Suzuki moves Swift


Suzuki Swift, 2017, front, static
Suzuki Swift, 2017, nose
Suzuki Swift, 2017, side
Suzuki Swift, 2017, side, static
Suzuki Swift, 2017, rear, static
Suzuki Swift, 2017, instrument panel displays
Suzuki Swift, 2017, display screen
Suzuki Swift, 2017, interior
Suzuki Swift, 2017, Boosterjet engine

THE Suzuki Swift has been a big hit with keen drivers for its cheeky looks and finely balanced handling.

But when it came to passenger space, luggage room and a classy cabin, the little hatchback didn't quite measure up to rival superminis.

The latest version, built on a new platform and with a wider choice of engines, addresses the criticisms thanks to a roomier interior, a bigger boot and a redesigned facia using higher grade materials.

With more than one million sales in Europe behind it since 2005, the Suzuki is hoping the new version builds on its strengths - without sacrificing its character and cheeky styling - and challenges established front-runners such as the VW Polo, SEAT Ibiza, Ford Fiesta and the MINI.

With squat purposeful looks, somewhat echoing o the wheel-at-each-corner MINI design, the new model which goes on sale in June, looks noticeably more muscular than the previous model.

In fact, it's marginally shorter in length despite having a 20mm longer wheelbase. A slight increase in width and lowering the roofline by 15mm further enhance the Swift's road presence.

A bonus as far as performance and economy is concerned is a dramatic weight loss. The new model is up to 10 per cent lighter.

The entry level engine is a familiar 1.2litre petrol, but the best seller is likely to be a new 1.0-litre Boosterjet turbo, available with or without hybrid assistance.

There will also be an Allgrip version with four-wheel-drive, but it is expected this will account for fewer than 10 per cent of orders in the UK.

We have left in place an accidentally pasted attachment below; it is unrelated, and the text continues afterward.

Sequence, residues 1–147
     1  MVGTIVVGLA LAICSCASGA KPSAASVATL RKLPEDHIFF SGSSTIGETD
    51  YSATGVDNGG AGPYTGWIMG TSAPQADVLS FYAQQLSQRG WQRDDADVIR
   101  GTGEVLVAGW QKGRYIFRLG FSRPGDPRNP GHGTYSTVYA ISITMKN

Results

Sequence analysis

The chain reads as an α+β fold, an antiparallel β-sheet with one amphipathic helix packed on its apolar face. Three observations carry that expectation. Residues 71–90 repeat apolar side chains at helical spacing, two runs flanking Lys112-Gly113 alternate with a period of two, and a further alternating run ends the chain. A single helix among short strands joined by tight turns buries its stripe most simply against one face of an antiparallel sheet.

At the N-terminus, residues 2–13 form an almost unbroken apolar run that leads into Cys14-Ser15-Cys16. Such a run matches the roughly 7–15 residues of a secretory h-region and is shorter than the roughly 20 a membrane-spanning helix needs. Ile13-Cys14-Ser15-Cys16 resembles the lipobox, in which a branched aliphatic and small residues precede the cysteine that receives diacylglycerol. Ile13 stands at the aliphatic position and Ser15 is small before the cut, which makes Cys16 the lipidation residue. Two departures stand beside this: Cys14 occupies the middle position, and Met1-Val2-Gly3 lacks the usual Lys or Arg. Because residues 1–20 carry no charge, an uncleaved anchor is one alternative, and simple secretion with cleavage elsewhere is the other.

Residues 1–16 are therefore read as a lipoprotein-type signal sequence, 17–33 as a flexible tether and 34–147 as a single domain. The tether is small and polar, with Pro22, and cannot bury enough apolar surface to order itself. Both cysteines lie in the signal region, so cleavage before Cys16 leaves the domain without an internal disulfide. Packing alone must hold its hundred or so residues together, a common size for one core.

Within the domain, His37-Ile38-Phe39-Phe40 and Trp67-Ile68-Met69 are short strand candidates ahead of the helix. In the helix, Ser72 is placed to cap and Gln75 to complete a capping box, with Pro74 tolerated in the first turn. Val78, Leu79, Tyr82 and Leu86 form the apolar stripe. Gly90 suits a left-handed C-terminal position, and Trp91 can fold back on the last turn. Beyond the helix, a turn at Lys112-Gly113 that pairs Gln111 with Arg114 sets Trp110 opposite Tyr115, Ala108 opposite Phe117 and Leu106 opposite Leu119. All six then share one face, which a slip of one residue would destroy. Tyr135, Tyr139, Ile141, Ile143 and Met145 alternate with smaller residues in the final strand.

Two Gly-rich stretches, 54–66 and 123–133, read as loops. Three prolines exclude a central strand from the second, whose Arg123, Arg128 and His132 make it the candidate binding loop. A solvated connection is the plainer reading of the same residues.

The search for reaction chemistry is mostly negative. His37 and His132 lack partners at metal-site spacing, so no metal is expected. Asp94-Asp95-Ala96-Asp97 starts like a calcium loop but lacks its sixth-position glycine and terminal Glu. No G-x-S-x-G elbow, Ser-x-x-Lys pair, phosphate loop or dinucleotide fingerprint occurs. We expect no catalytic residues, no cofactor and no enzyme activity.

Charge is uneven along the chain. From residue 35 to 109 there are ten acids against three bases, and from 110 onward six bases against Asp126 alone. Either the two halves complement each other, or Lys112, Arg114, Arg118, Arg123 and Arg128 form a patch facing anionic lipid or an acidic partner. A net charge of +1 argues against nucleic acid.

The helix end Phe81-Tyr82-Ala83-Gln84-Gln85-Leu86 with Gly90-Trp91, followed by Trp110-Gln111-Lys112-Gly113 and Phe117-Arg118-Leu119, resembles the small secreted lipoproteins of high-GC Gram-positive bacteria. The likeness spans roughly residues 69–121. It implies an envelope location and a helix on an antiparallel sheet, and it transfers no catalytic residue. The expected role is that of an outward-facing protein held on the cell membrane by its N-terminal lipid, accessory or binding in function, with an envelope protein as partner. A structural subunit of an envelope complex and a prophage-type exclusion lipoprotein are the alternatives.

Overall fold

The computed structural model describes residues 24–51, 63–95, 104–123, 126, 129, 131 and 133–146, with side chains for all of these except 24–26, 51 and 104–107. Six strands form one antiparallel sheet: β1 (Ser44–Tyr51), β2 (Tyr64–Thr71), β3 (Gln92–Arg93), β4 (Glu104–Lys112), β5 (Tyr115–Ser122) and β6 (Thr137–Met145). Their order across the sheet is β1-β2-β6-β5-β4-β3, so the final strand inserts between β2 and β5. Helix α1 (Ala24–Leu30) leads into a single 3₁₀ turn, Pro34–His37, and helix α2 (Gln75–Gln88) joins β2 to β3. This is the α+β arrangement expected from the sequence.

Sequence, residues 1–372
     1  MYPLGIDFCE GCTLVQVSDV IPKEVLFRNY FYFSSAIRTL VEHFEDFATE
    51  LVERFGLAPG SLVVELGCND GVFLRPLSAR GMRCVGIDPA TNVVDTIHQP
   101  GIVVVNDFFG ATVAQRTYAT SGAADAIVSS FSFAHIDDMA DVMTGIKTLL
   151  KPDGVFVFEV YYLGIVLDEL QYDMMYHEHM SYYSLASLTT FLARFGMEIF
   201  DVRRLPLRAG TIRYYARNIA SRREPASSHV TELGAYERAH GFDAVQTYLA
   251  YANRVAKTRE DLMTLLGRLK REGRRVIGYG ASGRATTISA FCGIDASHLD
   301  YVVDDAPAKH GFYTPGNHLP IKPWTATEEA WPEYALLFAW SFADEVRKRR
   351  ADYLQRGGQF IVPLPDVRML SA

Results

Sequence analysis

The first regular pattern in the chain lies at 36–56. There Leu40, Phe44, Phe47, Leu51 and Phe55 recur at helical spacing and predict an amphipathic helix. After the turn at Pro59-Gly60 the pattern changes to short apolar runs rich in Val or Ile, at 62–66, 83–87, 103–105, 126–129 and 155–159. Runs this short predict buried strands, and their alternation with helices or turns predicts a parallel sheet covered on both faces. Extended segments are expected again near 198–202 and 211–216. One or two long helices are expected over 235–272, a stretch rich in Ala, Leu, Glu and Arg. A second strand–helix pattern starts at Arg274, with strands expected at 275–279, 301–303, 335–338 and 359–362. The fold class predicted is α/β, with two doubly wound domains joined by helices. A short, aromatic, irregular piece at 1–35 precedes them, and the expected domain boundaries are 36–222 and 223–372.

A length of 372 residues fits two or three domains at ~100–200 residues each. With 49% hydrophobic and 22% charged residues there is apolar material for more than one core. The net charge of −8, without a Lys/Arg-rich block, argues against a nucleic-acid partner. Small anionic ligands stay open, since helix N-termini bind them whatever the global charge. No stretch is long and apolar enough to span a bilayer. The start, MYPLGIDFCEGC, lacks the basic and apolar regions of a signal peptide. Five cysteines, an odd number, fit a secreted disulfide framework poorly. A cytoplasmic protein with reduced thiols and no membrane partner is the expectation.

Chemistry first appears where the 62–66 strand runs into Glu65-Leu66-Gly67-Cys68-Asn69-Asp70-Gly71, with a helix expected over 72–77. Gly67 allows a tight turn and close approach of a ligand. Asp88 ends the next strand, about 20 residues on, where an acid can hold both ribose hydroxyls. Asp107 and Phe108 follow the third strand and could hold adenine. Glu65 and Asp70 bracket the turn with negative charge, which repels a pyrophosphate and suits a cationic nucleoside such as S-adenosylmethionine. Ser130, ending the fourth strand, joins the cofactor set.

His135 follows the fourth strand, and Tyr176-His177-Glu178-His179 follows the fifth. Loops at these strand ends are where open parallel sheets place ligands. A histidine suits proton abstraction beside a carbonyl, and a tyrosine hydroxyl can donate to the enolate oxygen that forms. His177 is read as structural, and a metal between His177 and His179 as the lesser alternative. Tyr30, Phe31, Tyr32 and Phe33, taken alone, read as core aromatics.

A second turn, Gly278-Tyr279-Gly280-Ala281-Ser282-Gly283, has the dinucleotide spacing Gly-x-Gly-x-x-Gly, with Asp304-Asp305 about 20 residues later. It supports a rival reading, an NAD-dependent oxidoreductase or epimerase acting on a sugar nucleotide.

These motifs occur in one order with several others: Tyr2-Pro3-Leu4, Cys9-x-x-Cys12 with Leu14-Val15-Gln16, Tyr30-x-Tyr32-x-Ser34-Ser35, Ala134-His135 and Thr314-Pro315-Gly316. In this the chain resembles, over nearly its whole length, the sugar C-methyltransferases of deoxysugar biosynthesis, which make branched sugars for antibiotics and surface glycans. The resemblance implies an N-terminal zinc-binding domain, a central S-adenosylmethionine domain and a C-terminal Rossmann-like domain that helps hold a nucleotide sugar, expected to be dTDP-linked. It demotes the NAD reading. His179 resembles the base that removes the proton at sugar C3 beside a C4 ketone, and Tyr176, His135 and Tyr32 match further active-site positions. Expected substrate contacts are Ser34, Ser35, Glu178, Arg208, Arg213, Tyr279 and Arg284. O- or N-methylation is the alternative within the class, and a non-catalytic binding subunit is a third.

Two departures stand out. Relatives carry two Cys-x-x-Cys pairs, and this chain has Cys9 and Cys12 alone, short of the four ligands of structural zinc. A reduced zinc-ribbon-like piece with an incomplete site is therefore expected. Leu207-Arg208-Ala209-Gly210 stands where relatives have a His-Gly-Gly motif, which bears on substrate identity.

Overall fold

There's a choice of three trim levels and 10 paint colour options with plenty of opportunity to personalise their cars. Unlike previous Swifts, the 2017 model comes only as a five-door, although clever placing of the door handles high up the rear pillar makes it look more like a three-door.

Only the 1.0-litre, three-cylinder hybrid model - known as SHVS, Smart Hybrid Vehicle by Suzuki - was available to drive at the launch.

With a useful 109bhp on tap, it is eager and lively with keen throttle response and ample torque, allowing strong pick-up in high gear and good flexibility.

The little three-pot engine has a characterful and pleasant throb which doesn't get obtrusive even when revs climb. The five speed gearbox is light and crisp.

Acceleration of 0 to 62mph in just 10 seconds is better than most rivals as is the top speed of 121mph. Emissions of 104g/km corresponds with a combined economy of 61.4mpg.

Ride standard is well up to European standards - partly because it was tested mainly on inadequate British roads - and cornering is well controlled with plenty of feedback from the nicely weighted steering.

The topline SZ5 trim included plenty of treats such as sat nav, adaptive cruise control, electric folding mirrors, keyless entry and start, rear electric windows and LED headlights.

There's reasonable shoulder room for front seat passengers and much more legroom than the earlier model. Space in the rear is improved but six footers may find their heads brush the roof lining.

A 20per cent boost in the boot capacity lifting it to 265 litres puts the Swift back on even terms with the obvious opposition.

The European version of the new Swift is something of a bespoke model, as the Japanese examples sold on their home market are narrower and taller and less driver-orientated - an illustration of just how important Suzuki regards Britain and the Continent.

Prices of the new range will be fixed next month, but expect a marginal increase with the entry model costing around the £10,500 mark.


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